Within the studies published by Hochschild and Machung (2012) and Milkie, Raley, and Bianchi (2009), there are disparities surrounding the topic of multitasking. Hochschild and Machung (2012) state that mothers multitask more often than their male counterparts. Confirming this finding, Milkie et al. (2009) found that mothers reported feeling rushed and multitasking more often than fathers. However, it was also found through diary data that mothers and fathers multitask the same percent of each day (Milkie et al., 2009). Overall, in both studies, mothers reported multitasking more often than fathers, but statistics in the study published by Milkie et al. (2009) indicated that mothers and fathers multitask the same amount of time. A reason that clarifies the disparity between the two studies is the time pressure felt by mothers and fathers. According to Milkie et al. (2009), mothers have a unique sense of pressure where they feel they need to be multitasking more throughout the day. It is possible that Hochschild and Machung (2012) found that mothers multitask more due to the increased number of women who feel pressured to be multitasking. Fathers have a decreased sense of this time pressure which may have led Hochschild and Machung (2012) to conclude that mothers multitask more than fathers (Milkie et al., 2009). The findings of Milkie et al. (2009) show the different gendered experiences of men and women when they reflect on how much work at home they feel they are and should be doing.

3. Offer and Schneider (2011) published a study that determined time spent multitasking of mothers compared to fathers. It is stated that there is a small gender gap in the amount of time spent multitasking; however, women felt more stressed and had a more negative experience multitasking than fathers (Offer & Schneider, 2011). These findings confirm what was found by the studies of Milkie et al. (2009) and Hochschild and Machung (2012). It is consistent in all three studies that women feel more pressure to multitask at home, while men do not report feeling as pressed for time to multitask. Milkie et al. (2009) and Offer and Schneider (2011) found that there is a small difference in hours spent multitasking comparing women to men, and that the difference is seen in the attitudes of men and women towards multitasking.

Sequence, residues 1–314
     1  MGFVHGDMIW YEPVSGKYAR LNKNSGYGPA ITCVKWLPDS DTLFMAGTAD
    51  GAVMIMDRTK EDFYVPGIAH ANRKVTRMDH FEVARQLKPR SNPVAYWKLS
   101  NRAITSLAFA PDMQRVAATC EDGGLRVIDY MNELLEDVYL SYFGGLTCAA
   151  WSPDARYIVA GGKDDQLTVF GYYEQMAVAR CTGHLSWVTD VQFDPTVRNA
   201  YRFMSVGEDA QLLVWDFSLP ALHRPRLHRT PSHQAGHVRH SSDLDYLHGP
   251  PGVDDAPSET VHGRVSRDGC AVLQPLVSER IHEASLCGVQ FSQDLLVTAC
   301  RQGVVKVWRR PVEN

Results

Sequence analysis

It has been assumed for generations that women take care of the children and keep the home in order. Detail about men not feeling as masculine when involved in childcare has been intriguing to study. This may be one of the key reasons most children grow closer in bond with their maternal parent. Throughout study, working mothers were shown to be more engaged with the children on a day-to-day basis than were working fathers and also were more willing to take on more parenting duties than working fathers have shown to, upon returning home from their work. mothers multitask more than men and tend to juggle a job, children, and housework in their home. This paper has discussed women in today’s society in order to understand the concept of the The Second Shift and how it applies to us.

References

  • Bernardo, C., Paleti, R., Hoklas, M., & Bhat, C. (2014, April 27). An Empirical Investigation into the Time-Use and Activity … Retrieved from https://ctr.utexas.edu/wp-content/uploads/DSTOP112.pdf
  • Bianchi, M., S., Sayer, C., L., Milkie, A., M., . . . P., J. (2012, September 01). Housework: Who Did, Does or Will Do It, and How Much Does It Matter? Retrieved from https://academic.oup.com/sf/article/91/1/55/2235879
  • Findings for Children up to Age 4½ Years – nichd.nih.gov. (2006). Retrieved from http://www.nichd.nih.gov/sites/default/files/publications/pubs/documents/seccyd_06.pdf
  • Hochschild, A. & Machung, A. (2012). The second shift: Working families and the revolution at home. New York, NY: Penguin Group.
  • Milkie, M. A., Raley, S. B., & Bianchi, S. M. (2009). Taking on the second shift: Time allocations and time pressures of U. S. parents with preschoolers. Social Forces, 88(2), 487-518.
  • Nomaguchi, K., & Fettro, M. N. (2016, December 13). WHY DO MOTHERS EXPERIENCE MORE WORK-FAMILY CONFLICT WHEN THEIR CHILDREN ARE YOUNGER?
  • Offer, S., & Schneider, B. (2011). Revisiting the Gender Gap in Time-Use Patterns. American Sociological Review,76(6), 809-833. doi:10.1177/0003122411425170
  • Rolfe, H. (2006). Men In Childcare. Retrieved from https://www.koordination-maennerinkitas.de/uploads/media/Rolfe-Heather.pdf
  • Speights, S. L., Grubbs, S. J., & Rubin, B. A. (n.d.). BAD JOBS, BAD PARENTS? HOW JOB CHARACTERISTICS RELATE TO … Retrieved from https://journals.uvic.ca/index.php/ijcyfs/article/download/16740/7091
  • Van Gorp, Kayla. “The Second Shift: Why it is Diminishing but Still an Issue.” The Review: A Journal of Undergraduate Student Research 14 (2013): 31-37. Web. [date of access]. <http://fisherpub.sjfc.edu/ur/vol14/iss1/7>